... you will get a small image on a big paper/film.
    Put a bunch of those together and voila. So I'm thinking now an array (or several arrays) of particularly tiny apertures, and a significantly short distance between those and the film plane.

    That's what I got so far.

    Thanks for that link, John!

  6. #6
    Lee L's Avatar
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    Focal length of a pinhole is solely determined by the pinhole to film (or paper) distance. Aperture is determined in the regular way: focal length divided by pinhole (aperture) diameter. Aperture has no role in determining focal length.

    I haven't checked the photos you mention, but Renner has a number of examples of multiple pinhole images in his books, and many are made by putting multiple pinholes in a line or grid, spaced so that they project images that overlap to the desired degree.

    Lee

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    Quote Originally Posted by Surly
    Yeah, what he said. jnanian said what I meant to say about the multiples.

    surly - great minds think alike!!

    Quote Originally Posted by Bruce

    Thanks for that link, John!

    no prob!

    i just remembered that lomo makes a 9-image camera ... 50 bucks!
    http://shop.lomography.com/shop/main.php?cat=&pro=pop

    i wonder if it done the same way

    -john

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    B-3
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    Lee, you're right - this is still new to me and I'm getting my terms confused. I found the following in an article by Jon Grepstad which exists in a couple of places on the web (I'll paraphrase):

    Technically, pinhole cameras have no focal length. They have infinite depth of field. But from a practical standpoint, focal length is defined as the distance between the pinhole and the film or paper.

    For any given distance, one can calculate an "optimal" aperture size, (although there appear to be a few different formulas in use and this is not as critical to image quality as getting a good clean hole.) Generally as the distance gets greater, optimal pinhole diameter gets smaller.

    Short distances from pinhole to film/paper result in wide-angle views, long distances result in telephoto views.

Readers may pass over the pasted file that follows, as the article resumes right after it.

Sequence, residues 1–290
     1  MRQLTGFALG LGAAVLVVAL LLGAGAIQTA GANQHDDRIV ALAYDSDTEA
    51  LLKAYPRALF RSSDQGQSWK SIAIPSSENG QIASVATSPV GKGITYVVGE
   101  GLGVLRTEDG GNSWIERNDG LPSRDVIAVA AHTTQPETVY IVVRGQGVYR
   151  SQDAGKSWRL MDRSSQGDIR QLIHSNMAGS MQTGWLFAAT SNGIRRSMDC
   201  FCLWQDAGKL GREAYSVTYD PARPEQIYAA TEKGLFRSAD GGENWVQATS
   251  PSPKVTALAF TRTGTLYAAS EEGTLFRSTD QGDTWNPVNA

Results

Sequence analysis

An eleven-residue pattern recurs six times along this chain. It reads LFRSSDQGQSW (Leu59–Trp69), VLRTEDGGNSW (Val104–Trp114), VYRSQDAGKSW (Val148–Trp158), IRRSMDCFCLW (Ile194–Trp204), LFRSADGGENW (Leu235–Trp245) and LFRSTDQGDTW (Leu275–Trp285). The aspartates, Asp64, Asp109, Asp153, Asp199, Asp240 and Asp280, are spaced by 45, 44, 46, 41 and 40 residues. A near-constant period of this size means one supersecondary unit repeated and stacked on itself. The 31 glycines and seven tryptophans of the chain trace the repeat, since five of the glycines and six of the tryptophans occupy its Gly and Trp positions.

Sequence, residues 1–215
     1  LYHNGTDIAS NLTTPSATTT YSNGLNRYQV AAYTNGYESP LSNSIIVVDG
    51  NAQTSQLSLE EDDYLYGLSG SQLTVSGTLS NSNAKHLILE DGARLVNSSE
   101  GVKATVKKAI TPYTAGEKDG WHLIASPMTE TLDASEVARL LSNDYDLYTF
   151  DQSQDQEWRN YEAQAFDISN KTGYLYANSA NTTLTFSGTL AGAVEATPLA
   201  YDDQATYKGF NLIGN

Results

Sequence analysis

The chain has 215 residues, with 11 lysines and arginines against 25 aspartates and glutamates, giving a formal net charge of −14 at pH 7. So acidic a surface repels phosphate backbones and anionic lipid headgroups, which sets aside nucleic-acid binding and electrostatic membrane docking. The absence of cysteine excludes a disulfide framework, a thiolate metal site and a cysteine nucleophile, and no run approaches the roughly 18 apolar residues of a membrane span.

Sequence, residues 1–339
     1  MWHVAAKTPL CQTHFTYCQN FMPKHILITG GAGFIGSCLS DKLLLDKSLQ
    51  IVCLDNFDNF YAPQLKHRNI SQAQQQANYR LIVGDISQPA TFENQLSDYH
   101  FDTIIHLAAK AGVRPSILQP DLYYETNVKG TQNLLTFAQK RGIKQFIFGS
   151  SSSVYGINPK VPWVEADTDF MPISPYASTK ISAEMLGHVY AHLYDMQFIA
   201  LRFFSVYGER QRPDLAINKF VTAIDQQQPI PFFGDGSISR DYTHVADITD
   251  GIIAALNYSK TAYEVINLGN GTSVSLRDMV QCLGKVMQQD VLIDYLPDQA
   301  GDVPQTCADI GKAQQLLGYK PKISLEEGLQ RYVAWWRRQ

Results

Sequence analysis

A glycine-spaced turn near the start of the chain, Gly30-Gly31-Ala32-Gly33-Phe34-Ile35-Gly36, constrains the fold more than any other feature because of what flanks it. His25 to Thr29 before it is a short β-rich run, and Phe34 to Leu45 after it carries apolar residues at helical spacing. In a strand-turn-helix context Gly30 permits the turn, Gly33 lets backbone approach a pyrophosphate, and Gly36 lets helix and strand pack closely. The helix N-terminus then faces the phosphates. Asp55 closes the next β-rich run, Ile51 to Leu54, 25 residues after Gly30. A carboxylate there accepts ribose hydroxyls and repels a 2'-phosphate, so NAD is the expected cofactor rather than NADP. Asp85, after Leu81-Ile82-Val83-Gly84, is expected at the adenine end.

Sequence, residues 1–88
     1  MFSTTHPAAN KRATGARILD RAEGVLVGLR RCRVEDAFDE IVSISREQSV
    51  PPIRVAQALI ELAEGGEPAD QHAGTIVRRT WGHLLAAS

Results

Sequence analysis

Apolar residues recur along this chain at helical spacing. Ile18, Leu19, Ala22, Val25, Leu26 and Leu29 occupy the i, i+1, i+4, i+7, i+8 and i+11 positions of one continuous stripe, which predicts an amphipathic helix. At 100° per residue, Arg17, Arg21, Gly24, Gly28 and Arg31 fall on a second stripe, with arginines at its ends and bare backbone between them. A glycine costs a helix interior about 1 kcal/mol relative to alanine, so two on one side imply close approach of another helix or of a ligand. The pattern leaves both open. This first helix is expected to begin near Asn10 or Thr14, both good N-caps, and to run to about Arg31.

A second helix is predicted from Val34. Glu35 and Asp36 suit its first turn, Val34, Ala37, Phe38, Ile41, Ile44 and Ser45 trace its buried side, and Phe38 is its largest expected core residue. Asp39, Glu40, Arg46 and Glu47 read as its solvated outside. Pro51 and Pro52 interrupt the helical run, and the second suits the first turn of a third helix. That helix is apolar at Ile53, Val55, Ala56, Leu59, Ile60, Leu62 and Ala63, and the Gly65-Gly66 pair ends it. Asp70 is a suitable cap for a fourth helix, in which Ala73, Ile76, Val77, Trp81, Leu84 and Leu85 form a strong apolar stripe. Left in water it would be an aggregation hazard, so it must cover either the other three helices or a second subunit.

Your f-stop is this distance, divided by your aperture (pinhole diameter). From there you calculate exposure times.

    I'm just guessing that multi-image pinholes are a combination of short (wide-angle) distance with small (telephoto) apertures. Thanks for the Renner reference - I'll definitely be checking this out.

    John - I had no idea there were so many different Lomo cameras! Holy apertures, batman, this place is wild!

    Surly - I like that fish image too, reminds me of a good (old) friend who did some similar sculptures. Got me thinking...

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    i think the only modification i'd make is that as the distance from pinhole to film plane gets greater the optimal pinhole diameter also gets greater.... though, you can use any size hole with any focal distance - it just effects the effective fstop (smaller hole + greater distance = larger fstop = slower exposures)

    cheers and welcome to pinhol'ing
    Tom
    f295.tompersinger.com

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    Looking at the national street rod pic (the one with the cars) you can see Korte uses some apertures one after the other. Otherwise he would not be able to have rotated images on the same plane. So he made one shot, tilted the camera 90 degrees, took another one, etc. etc.
    Focal distance must be very short, judging at the extreme wide angle effect on some of the images. I suspect you have to do some experiments yourself to get the right distance to the film plane, where overlapping is reduced to the desired effect.
    Those were my two pennies for the day.
    Norm